Protest or pique?


Farzana Versey May 24, 2010

The Islamists and the government of Pakistan have been unable to follow the Holy Quran in spirit, given the laws against women and minorities. The liberals do not make a strong case against local issues. They are busy downloading or uploading videos of people being shot dead by the Taliban, indulging in a titillating form of sadism that whets the voyeuristic appetite for the gruesome violence being perpetrated.

For a while now, Pakistani authorities have been trying to be more loyal than the most devout king. A lot has been written about the blocking of social networking sites that would expose its citizens to images of the Prophet (pbuh) following a cartoon contest. This gave the establishment an opportunity to send out the message to the world that it is seriously an Islamic Republic.

The decision, though questionable, goes beyond freedom of speech, whether it is of the cartoonists or the citizens to access websites. Muslims in other parts of the world do protest, but banning restricts the space of individuals who might have remonstrated using the same websites to make their point. Interestingly, the contest invitation had been up a month ago and there was no outcry then.

For those opposed to such censorship, is it ideological resistance or is it about bored youngsters who will lose out on exchanging notes with friends or checking out photographs? Do they support the idea behind such lampooning? It is unlikely, for they react with vehemence in matters of religion. It may often be a public posture that may have nothing to do with their personal stance, which would qualify as self-censorship. What could be the reason behind putting a muzzle on one’s mouth?

There is a good deal of talk about the Saudi-isation of Pakistan. Dr Pervez Hoodbhoy had to face resistance for encouraging ‘un-Islamic’ ideas in the physics department when he started a film club at the Quaid-e-Azam University. Some students switched off the lights when the brilliant mathematician (portrayed by Russell Crowe) is being seduced by his wife in A Beautiful Mind. Yet, pirated DVDs of Bollywood films sell well. It is not the Saudis, stupid; it is about a Pakistan in denial, fighting its own demons. Wearing certain kinds of clothes or using language in a particular manner does not delete history. Culture is internalised.

When Indian artist M F Husain painted figures of Hindu goddesses, he got threats from hardliner groups at home. The Indian government woke up to support him only when Qatar gave him citizenship. The liberals back him selectively as an upholder of pluralism. Had he conveyed that he portrayed those images for reasons other than ‘knowledge’ and ‘interest in Indian mythology’, he would have been toasted, and not with a bottle of bubbly.

“Has there ever been a society which has died of dissent? Several have died of conformity in our lifetime,” said Jacob Bronowski. Belief systems are conformist and censored paradigms, in that the faithful believe in only the given material. This is why countries like Pakistan cannot fight extremist religious elements within, but in matters of grabbing international eyeballs for an Islamic cause there is no obfuscation. It is time to reach the pique.

Published in the Express Tribune, May 25th, 2010.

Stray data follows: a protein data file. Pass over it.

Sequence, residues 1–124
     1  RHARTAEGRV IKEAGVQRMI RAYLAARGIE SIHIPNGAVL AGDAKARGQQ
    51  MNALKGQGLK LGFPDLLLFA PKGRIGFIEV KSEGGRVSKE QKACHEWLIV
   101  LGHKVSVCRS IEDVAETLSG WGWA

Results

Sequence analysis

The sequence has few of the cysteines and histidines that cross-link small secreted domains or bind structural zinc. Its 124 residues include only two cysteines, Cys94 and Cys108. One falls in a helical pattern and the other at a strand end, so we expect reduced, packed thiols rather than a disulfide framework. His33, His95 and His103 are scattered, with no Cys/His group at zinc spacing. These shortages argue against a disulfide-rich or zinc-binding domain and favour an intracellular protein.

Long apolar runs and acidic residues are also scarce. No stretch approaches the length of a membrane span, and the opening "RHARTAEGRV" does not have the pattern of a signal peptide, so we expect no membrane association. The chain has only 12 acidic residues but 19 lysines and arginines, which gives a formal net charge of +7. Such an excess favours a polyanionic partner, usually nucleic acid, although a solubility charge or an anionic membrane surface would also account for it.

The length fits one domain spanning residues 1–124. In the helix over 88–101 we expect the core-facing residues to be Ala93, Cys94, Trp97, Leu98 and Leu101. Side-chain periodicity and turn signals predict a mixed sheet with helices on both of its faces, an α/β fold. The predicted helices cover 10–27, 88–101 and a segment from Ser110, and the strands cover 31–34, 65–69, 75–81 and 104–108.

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COMMENTS (13)

P. Vengaayam | 10 years ago | Reply Ms. Sarah, Please do not get annoyed with facts presented -- the way out is to make sure that the right thing is done, not just talked about in great detail with no action, like we do in India and in Pakistan. I can point to news items in the past two days where Pakistani establishment has released the well known terrorist kingpin Hafiz Saeed on "absence of Evidence" -- it is an open secret that he has been the central figure in the Lashkar-e-toiba which has conducted terrorism worldwide. How can outsiders watching the actions of the Pakistani establishment in this manner assume that Pakistan is taking the terrorist problem serious, as you are claiming? You may have heard the old proverb, "Actions speak louder than words". Pakistani leadership talks a lot about resolving its problems but nothing seems to happen on the ground to prove that all the talk is serious talk.
Sarah | 10 years ago | Reply Just a reply to Raakesh You make me laugh.Loudly!I don't need to tell you the countless stories of extreme discrimination, violence and social ostracising of religious minorities in India and don't even get me started on the Indian caste system and the treatment meted out to the "lower castes".Equal opportunities indeed! Please cut out the hypocrisy and accept the truth. And How do YOU "understand" Pakistan? And that too good enough to comment on and judge? Oh and suicide bombing is NOT a Pakistani invention or practice.Go google it and see where it came from.It's an Afghani export to Pakistan, one we DID NOT ask for and making it sound like a 'taana' (taunt) is extremely sad and a cheap shot on your part. To Mr P. Vengaayam The urgency that you refer to is felt THE MOST by US!!PAKISTANIS!!!We are NOT in denial about ANY of our problems and you and rest of the world sitting and commenting, criticising, judging and giving suggestions just proves that IT'S EASIER SAID THAN DONE! YOU don't need to tell US what needs to be done urgently,we know that better than ANY ONE ELSE. And saying that India also has problems is not a form of denial, it's reminding you that you should be hogging your own government to control your TONS of extremists, separatists and terrorists. Or does Naxalites killing your soldiers and police men doesn't matter to you?
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